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Concetta Maria Scaravaglione

(1900—1975)


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(1900–1975).

Sculptor. A figurative artist specializing in depictions of women, she worked in many media, including stone, wood, and welded copper. Born in New York, she trained at the National Academy of Design, the Art Students League, and elsewhere before studying direct carving in 1924 with Robert Laurent. In the 1930s she executed several pieces for the federal art projects, and in 1947 she was the first woman to win the Prix de Rome, which allowed her to spend three years abroad. Her teaching career at several institutions culminated in a fifteen-year period at Vassar College in Poughkeepsie, New York. Upon her retirement 1967, she settled permanently in New York. Characteristically life-size or larger, Scaravaglione's sculptured women often are accompanied by children or animals. Forms are generalized into simple volumes that modernize traditional concerns for composition and structure. The dignified tenor of her work reflects an unsentimental appreciation for varied human experience.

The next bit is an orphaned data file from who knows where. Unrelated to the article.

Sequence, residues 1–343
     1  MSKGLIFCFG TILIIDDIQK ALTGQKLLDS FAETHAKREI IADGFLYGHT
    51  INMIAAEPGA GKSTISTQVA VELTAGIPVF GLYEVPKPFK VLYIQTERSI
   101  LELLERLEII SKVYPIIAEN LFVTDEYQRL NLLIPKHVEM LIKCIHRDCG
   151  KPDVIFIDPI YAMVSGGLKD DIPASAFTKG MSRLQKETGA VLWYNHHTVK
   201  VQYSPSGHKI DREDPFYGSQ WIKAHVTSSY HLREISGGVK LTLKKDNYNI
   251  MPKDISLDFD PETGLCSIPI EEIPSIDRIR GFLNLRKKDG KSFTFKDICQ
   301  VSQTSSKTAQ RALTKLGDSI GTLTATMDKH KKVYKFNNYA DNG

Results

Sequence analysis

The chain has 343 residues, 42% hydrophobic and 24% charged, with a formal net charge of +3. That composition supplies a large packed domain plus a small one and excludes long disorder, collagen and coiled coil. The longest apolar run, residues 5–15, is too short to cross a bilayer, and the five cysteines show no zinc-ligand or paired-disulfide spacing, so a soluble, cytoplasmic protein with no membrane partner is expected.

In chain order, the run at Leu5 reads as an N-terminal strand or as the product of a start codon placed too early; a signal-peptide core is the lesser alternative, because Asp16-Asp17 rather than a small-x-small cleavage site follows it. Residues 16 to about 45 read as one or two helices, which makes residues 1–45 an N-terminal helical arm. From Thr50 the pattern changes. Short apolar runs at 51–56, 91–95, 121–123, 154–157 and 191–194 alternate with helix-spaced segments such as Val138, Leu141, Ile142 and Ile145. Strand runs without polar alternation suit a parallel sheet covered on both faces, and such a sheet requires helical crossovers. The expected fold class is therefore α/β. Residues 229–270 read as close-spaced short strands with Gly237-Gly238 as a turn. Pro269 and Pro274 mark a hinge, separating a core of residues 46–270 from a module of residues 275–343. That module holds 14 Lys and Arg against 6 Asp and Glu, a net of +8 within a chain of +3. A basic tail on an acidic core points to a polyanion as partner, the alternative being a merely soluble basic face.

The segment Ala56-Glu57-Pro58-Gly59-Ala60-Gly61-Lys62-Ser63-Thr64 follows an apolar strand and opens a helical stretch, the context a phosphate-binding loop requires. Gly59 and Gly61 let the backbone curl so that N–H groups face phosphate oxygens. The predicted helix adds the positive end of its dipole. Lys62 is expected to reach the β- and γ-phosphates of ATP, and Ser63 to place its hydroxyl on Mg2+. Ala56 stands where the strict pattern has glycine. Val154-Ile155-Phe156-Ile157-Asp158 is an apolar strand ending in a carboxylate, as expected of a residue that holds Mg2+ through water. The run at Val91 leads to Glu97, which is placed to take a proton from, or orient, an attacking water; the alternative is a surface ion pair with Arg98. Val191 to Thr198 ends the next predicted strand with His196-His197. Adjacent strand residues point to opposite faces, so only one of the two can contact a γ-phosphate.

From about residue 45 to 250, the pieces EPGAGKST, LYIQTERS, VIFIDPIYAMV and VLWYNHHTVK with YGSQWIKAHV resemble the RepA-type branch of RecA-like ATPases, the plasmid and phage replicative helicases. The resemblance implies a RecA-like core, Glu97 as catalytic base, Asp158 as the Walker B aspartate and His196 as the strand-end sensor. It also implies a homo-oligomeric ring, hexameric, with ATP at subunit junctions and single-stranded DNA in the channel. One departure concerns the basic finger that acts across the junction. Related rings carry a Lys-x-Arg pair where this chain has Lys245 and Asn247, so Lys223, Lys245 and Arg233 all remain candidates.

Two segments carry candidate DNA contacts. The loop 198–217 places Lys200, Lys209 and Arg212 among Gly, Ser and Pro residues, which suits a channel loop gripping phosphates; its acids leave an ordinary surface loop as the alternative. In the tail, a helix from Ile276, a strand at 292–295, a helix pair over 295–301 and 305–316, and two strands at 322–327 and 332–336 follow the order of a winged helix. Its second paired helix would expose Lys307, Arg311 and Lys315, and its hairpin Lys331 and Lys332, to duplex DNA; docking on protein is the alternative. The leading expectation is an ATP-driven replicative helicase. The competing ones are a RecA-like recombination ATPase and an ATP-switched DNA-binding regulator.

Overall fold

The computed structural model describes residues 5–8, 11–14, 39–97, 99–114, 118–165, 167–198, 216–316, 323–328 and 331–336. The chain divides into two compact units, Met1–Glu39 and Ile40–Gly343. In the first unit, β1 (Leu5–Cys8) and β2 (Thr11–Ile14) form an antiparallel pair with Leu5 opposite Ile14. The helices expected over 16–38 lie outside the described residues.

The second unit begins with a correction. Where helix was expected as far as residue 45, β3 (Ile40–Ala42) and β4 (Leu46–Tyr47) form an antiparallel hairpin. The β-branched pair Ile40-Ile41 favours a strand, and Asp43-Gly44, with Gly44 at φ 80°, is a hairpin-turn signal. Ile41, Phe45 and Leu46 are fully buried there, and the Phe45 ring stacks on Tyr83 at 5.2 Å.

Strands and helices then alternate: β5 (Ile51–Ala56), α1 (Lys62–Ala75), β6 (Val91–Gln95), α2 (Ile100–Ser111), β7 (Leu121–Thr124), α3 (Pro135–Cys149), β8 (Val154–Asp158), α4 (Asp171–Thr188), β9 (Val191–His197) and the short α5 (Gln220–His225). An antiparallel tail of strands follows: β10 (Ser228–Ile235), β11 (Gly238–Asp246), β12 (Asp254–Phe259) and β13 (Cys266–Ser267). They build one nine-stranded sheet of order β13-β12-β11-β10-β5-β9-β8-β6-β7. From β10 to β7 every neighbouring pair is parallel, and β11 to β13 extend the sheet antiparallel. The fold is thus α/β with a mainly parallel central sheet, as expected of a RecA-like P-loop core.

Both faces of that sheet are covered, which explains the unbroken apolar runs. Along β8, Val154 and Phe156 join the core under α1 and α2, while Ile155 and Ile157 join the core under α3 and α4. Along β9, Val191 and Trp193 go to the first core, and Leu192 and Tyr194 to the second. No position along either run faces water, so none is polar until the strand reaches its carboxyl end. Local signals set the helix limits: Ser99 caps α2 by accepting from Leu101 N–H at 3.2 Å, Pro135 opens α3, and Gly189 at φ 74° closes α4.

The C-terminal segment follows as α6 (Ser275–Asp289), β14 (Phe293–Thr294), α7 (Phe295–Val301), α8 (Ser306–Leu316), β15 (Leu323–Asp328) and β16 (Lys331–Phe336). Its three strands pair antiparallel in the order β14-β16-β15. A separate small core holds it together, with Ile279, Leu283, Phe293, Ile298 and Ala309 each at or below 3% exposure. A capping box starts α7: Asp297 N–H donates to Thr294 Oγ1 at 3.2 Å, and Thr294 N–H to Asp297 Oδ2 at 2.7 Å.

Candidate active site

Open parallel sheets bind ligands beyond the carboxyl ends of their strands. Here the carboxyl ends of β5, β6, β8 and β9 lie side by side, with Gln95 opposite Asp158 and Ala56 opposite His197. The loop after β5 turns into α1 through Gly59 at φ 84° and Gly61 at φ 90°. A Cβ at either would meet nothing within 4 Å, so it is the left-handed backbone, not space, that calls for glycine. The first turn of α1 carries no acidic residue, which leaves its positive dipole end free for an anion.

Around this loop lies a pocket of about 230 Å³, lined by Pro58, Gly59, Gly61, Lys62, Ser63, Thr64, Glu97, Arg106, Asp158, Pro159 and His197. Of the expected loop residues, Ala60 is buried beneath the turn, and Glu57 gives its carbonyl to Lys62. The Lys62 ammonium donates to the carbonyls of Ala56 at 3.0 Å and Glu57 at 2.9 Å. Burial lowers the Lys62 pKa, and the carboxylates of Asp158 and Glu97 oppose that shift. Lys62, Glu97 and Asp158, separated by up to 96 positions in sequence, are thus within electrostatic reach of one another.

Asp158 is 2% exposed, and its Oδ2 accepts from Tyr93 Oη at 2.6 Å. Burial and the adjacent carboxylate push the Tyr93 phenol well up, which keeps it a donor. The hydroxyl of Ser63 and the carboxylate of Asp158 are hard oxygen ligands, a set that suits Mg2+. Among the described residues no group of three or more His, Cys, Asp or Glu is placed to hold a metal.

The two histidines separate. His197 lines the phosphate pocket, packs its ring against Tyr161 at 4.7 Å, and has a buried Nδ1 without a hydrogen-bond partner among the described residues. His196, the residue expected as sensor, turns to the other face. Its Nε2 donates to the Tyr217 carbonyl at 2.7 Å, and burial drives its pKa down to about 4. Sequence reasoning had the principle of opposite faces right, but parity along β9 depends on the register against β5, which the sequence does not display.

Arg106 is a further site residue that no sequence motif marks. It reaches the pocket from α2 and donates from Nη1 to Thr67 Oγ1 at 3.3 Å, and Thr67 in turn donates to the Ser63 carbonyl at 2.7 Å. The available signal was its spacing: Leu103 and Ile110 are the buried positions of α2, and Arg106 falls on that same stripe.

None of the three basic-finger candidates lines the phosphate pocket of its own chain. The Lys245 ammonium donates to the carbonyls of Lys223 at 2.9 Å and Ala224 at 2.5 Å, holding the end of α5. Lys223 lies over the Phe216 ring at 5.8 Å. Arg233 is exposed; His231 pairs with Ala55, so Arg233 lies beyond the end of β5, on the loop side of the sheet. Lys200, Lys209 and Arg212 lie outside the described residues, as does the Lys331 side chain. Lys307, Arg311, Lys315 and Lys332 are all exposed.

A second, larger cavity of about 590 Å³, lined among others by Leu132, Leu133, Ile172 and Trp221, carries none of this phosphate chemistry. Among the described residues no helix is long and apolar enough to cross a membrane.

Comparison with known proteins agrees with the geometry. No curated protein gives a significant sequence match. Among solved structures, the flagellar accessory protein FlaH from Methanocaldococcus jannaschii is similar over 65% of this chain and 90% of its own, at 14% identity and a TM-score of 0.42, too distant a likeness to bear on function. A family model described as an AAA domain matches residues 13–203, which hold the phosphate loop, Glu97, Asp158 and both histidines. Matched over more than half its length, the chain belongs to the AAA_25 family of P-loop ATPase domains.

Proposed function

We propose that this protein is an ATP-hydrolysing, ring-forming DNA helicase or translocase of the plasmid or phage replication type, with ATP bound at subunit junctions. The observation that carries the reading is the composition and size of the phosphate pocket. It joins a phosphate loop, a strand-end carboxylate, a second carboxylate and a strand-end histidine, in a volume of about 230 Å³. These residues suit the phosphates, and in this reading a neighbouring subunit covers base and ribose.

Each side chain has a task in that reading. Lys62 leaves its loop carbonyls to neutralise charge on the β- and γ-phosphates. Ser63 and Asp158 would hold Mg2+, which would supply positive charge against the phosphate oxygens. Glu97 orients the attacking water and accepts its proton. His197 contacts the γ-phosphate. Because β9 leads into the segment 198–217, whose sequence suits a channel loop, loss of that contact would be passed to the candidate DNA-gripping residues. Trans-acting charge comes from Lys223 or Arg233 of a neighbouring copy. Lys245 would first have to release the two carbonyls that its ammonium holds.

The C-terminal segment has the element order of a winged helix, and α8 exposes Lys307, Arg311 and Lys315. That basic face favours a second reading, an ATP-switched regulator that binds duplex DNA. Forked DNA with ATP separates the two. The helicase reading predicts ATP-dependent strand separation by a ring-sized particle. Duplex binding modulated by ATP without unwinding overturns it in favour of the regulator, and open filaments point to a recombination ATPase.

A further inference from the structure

Subjects: Art.


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